Welcome To
Acadia Broadcasting NewsThe Latest and Greatest ContentYour Trusted Local Source


Important to stay off of New Brunswick’s dunes

By Tara Clow Jul 24, 2023 | 1:36 PM

New Brunswick’s dunes are a first line of defence in protecting infrastructure.

Shediac Bay Watershed Association Executive Manager Jolyne Hebert says, “They create this natural wall that protects us from strong winds and storm surges when they are healthy and stable. Healthy stable dunes are covered in this Marram grass that has a very strong root system that keeps the sand in place. Even if a dune was to suffer some damage from a storm, having a big stable dune system, it usually has time to regenerate itself before the next one hits. That actually helps to protect our inland infrastructure and the strong winds. Dunes are also an important ecosystem for the natural species that live along our coastline. So like any other type of habitat, they are a host to a variety of plants, insects, pollinators, birds, and small mammals and even larger predators that look for these small mammals. So it is also habitat for a whole other range of ecosystem and food chain along our coastline.”

But many have broken down due to the frequency of storms as of late, “Primarily,  the causes are storms that are increasing in severity and frequency. It’s the strong winds and storm surges that have a tendency to erode away our dunes and they have been occurring more and more frequently so it is becoming more and more difficult for the dunes to regenerate themselves and reaccumulate sand for the beach. We’ve had to try to step in and intervene to implement measures to try to accelerate the regeneration and try to protect our beaches and those natural coastal ecosystems,” Hebert adds.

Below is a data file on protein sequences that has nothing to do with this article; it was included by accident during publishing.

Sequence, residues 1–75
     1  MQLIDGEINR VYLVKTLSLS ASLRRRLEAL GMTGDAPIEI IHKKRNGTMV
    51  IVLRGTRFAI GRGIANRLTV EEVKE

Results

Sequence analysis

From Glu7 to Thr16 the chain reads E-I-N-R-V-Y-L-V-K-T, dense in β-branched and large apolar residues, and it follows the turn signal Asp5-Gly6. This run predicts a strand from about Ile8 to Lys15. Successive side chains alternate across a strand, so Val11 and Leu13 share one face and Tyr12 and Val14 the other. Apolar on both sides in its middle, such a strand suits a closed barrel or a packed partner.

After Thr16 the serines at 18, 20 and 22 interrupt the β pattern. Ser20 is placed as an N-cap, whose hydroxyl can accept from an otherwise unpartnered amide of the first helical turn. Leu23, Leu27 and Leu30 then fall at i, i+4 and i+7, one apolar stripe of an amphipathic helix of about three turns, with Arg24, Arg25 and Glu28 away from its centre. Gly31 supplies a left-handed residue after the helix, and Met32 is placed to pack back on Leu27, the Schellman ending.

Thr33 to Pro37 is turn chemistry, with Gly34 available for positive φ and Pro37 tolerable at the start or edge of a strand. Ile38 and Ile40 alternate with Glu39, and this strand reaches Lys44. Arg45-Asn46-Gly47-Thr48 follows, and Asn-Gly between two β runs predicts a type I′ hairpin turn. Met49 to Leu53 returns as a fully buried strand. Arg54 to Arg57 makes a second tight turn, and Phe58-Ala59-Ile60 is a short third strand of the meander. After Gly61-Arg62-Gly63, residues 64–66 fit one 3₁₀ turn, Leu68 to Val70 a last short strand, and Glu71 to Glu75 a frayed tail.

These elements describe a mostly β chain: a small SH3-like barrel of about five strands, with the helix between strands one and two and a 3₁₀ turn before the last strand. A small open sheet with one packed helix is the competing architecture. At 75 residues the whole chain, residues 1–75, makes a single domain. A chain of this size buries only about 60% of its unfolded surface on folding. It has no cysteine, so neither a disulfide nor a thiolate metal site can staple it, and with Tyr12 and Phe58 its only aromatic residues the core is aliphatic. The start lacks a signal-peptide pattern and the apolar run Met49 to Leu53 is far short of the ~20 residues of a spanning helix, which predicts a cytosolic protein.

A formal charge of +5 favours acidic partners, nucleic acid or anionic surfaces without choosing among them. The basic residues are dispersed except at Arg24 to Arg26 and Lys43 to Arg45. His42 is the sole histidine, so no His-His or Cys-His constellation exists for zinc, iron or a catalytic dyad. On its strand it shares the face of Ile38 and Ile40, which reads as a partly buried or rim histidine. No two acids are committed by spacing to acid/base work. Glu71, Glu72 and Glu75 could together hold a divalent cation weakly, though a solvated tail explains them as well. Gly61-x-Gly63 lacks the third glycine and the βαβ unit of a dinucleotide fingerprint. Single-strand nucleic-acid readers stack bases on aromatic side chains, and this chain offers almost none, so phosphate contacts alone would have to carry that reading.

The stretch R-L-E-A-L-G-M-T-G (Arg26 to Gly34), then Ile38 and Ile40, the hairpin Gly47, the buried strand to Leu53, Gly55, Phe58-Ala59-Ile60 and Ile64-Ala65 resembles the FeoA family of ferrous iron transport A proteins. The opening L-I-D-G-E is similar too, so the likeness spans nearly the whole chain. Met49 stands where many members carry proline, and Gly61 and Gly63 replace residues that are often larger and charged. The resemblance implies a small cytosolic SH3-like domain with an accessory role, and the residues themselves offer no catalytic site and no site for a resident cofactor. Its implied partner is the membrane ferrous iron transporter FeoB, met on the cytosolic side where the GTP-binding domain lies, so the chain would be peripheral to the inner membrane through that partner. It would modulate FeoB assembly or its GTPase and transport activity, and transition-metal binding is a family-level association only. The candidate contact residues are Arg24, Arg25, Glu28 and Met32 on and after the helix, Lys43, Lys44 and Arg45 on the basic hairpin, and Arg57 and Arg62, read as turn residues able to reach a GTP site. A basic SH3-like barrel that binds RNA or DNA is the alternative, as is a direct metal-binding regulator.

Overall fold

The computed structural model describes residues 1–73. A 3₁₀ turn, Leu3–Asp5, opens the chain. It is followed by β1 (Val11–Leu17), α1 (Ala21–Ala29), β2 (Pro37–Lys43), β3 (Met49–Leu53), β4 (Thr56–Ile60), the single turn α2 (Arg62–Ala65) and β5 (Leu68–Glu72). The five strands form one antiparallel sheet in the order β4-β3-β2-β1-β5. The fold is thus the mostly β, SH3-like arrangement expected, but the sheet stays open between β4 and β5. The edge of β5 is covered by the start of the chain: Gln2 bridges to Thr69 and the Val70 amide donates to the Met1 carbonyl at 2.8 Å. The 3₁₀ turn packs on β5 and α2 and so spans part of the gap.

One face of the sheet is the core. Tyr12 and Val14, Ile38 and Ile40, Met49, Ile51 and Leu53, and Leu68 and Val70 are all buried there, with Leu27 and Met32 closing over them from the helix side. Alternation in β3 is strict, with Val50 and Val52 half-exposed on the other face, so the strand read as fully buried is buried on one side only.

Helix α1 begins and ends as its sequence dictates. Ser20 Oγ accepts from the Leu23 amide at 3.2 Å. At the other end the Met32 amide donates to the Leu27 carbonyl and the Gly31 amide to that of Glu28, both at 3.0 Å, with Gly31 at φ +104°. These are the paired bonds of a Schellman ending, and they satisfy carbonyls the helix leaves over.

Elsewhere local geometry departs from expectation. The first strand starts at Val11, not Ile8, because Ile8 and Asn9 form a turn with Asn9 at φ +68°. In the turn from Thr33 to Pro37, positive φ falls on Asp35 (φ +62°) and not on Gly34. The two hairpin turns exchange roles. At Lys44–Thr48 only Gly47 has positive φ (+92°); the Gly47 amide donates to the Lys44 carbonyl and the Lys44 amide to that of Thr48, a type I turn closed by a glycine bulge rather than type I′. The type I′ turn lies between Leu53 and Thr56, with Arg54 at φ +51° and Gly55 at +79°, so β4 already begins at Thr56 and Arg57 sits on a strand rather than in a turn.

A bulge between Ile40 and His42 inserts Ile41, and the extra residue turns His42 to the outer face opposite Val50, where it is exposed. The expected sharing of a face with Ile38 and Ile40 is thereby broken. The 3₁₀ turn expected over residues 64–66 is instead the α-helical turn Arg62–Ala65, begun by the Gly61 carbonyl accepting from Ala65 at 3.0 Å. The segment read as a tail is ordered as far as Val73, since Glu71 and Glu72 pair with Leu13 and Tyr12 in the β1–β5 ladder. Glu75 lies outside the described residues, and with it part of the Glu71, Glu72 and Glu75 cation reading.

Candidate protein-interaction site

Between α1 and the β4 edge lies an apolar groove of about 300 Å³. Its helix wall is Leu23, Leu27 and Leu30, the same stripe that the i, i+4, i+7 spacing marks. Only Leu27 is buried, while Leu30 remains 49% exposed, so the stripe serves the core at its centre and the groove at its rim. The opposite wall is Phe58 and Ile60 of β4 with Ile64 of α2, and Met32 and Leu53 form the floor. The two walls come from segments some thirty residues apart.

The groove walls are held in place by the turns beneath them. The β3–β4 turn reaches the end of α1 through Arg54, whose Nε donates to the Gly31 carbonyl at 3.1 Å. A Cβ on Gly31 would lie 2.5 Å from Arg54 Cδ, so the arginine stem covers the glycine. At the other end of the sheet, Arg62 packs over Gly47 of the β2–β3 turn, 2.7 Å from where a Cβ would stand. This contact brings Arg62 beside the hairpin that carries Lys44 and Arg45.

If you’ve been to the beach or to an area with a watershed, you may have noticed signs and areas that are blocked off, asking that you stay off of the dunes.

Hebert says it is important to obey these rules, “The reason you need people to stay off is because the middle ground is very, very much a resilient plant and very strong. The problem is, that it is sensitive to pressure above ground. So when we walk on a dune we’re actually trampling on the plants and on those delicate systems that are just underneath the surface. So when we step, we’re actually breaking away that root network that is keeping all of those plants together and strong. The fencing and those signs that are asking for people to stay off the dunes is to avoid trampling on our dunes and on the grass to try to keep that strong stable system from weakening.”

Dunes vary depending on where you are, and exposure. Hebert says there are big differences between dunes in Shediac Bay as compared to Cap-Pele or to PEI.

She says some are more sheltered than others and aren’t exposed to high winds and the Atlantic Ocean.

“One may be able to regenerate faster whereas the other is slower based on the conditions,” Hebert says.


Leave a Reply